A cluster of circular Camira Lucia lights create an eye-catching feature in the social hub / Town Hall areas, as do the woven-texture wool and metal pendant lights – the Hay bon bon shade – which reference the Mill’s former textile heritage, in the business lounge area. Can-style lights are inset into the new bespoke, plywood-finish ceiling grids over the business lounge area, with three large-scale grids set in a row between the newly-exposed original beams. Acoustic rafts and acoustic-backed woven metal sections from SAS International and Autex are also set into the new grid ceiling. Planting has been incorporated into the entirety of the scheme, but particularly features on the ground floor, including some ceiling-suspended planting. Former boxed-in windows on this level have been squared-out with greatly-improved natural light ingress.

The scheme’s furniture also has an industrial aspect to its aesthetic and has been mainly manufactured in the UK, to ensure both a heritage nod to British manufacture and reduced air miles to site. Floor-to-ceiling wall screens serve to divide the open space and feature geometric, circular indents on some of the panels in an abstracted reference to silk buttons. The Hub’s phone booths feature perforated plywood doors and acoustically-wrapped interiors, with all four walls of the ground floor Hub also treated with acoustic felt to offset the volume and height of the space.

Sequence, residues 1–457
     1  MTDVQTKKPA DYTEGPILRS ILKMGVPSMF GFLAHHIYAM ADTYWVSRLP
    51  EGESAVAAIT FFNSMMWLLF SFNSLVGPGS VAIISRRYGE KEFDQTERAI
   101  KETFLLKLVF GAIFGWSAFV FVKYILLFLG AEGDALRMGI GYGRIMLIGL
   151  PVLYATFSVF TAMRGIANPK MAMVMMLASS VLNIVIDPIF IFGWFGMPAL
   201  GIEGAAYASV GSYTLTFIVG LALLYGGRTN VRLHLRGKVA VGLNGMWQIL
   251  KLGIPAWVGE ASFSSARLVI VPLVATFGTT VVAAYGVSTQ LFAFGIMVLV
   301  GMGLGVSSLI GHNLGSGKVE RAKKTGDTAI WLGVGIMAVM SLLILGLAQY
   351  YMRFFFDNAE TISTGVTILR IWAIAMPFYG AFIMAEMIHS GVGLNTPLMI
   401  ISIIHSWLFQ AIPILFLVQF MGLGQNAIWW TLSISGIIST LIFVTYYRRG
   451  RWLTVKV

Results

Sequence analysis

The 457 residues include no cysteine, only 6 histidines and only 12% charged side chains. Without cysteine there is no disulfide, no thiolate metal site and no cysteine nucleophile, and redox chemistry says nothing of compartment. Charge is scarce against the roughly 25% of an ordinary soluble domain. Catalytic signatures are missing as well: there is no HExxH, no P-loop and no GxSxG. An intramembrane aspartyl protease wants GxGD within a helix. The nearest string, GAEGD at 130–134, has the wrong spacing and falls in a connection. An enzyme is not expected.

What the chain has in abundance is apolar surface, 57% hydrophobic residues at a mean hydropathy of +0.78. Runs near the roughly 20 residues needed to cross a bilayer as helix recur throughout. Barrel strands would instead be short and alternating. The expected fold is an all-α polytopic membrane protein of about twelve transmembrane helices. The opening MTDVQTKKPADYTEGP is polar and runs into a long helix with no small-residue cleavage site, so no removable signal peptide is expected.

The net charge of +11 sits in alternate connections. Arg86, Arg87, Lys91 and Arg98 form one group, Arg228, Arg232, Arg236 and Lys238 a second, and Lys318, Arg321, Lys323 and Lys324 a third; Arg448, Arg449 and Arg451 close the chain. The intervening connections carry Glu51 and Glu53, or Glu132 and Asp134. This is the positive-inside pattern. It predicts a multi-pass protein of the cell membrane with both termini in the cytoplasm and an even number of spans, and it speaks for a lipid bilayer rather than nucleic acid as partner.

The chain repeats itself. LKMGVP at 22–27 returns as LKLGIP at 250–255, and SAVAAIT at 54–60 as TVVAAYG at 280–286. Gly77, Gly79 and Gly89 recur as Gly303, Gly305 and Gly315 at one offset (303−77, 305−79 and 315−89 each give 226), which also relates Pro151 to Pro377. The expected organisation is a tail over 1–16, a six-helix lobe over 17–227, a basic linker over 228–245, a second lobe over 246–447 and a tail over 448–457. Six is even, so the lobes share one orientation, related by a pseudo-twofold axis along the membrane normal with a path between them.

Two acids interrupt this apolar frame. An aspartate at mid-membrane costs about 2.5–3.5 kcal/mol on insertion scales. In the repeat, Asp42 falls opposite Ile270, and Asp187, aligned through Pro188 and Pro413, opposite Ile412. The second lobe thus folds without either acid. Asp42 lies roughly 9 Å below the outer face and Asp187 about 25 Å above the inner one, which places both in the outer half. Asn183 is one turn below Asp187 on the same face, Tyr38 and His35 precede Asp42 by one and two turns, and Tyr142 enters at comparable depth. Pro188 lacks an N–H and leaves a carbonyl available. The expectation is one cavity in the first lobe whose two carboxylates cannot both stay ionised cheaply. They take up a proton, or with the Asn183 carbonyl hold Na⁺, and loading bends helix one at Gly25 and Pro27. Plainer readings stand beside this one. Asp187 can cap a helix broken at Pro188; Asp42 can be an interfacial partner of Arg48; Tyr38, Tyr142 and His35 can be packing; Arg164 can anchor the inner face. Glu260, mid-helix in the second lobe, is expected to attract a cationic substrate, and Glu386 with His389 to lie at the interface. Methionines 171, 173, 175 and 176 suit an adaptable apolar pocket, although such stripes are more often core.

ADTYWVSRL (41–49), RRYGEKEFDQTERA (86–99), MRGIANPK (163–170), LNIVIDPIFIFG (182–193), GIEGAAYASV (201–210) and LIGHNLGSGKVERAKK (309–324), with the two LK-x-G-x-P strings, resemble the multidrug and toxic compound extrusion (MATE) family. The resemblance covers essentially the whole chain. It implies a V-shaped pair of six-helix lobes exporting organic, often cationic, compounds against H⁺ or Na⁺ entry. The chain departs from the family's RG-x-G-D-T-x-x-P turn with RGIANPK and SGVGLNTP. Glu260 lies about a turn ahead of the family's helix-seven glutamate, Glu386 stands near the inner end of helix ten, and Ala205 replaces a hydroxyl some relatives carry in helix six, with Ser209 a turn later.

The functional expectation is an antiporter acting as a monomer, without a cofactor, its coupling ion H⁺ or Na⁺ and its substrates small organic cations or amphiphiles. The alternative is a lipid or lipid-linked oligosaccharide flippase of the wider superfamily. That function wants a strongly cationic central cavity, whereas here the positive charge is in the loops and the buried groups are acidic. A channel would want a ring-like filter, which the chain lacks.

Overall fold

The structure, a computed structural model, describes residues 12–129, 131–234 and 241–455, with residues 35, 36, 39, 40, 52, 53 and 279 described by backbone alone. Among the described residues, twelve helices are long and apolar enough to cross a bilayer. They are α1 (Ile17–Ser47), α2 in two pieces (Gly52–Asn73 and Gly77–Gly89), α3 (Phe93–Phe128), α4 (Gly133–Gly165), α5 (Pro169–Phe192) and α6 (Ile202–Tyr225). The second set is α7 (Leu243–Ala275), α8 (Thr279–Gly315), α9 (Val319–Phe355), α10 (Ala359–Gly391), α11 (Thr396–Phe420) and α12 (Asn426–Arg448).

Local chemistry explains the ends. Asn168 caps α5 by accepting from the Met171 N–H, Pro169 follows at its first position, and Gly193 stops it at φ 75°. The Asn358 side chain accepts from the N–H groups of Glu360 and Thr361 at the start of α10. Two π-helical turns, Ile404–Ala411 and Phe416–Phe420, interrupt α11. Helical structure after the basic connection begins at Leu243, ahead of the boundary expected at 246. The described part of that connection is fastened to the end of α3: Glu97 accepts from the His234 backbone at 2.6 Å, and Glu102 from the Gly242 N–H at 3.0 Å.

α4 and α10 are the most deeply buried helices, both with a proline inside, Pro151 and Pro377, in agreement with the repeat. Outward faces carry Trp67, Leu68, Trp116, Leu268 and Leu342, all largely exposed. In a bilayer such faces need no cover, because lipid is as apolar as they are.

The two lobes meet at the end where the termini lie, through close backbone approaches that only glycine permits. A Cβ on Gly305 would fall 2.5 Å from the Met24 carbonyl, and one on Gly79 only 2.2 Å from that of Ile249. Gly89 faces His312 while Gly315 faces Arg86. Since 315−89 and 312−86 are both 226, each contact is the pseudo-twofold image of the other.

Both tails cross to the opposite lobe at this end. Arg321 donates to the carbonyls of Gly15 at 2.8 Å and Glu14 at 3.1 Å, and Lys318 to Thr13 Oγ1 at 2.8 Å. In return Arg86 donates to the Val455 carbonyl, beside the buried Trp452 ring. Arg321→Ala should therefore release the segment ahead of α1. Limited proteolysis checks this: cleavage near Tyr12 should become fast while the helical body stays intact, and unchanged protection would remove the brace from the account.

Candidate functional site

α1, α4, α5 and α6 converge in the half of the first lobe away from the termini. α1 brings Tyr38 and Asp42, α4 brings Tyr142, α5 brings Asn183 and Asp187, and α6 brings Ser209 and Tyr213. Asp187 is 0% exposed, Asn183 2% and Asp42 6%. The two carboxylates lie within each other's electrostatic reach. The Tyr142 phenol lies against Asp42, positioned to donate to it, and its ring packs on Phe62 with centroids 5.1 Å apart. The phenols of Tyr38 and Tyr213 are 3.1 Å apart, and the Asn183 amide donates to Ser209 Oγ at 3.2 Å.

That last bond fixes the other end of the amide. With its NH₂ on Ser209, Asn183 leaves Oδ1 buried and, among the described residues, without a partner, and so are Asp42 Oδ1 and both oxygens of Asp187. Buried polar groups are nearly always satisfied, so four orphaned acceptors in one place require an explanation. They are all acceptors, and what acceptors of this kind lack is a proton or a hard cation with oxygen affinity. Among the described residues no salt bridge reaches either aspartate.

The flooring on the ground floor is a concrete-effect LVT from Amtico, with striking feature carpeting in the business lounge from Milliken, tying in directly with the furniture colours. A flooring apron around the teapoints is the Polygon Key Mini LVT from Amtico’s Designer’s Choice range, whilst the columns are now exposed original steel beams with attractive detail features at the tops. Wooden ceiling beams have been newly sanded and treated. Tiling across the rear wall has a weave effect, based on a textile-stitching concept. Acoustic pendants in the space are of different sizes. Plywood screens on the ground floor are semi open with a solid section at the bottom with the wood kept unstained – with the same material use on the upper floor teapoints - to look as natural as possible. Ekho Studio also installed new wayfinding on each floor opposite the lift doors using large-scale numbers.

On the upper floor new teapoints, an acoustic felt grid is set above them to dampen noise and a new inset carpet has been installed beneath the new tables, with a woven pattern LVT all around.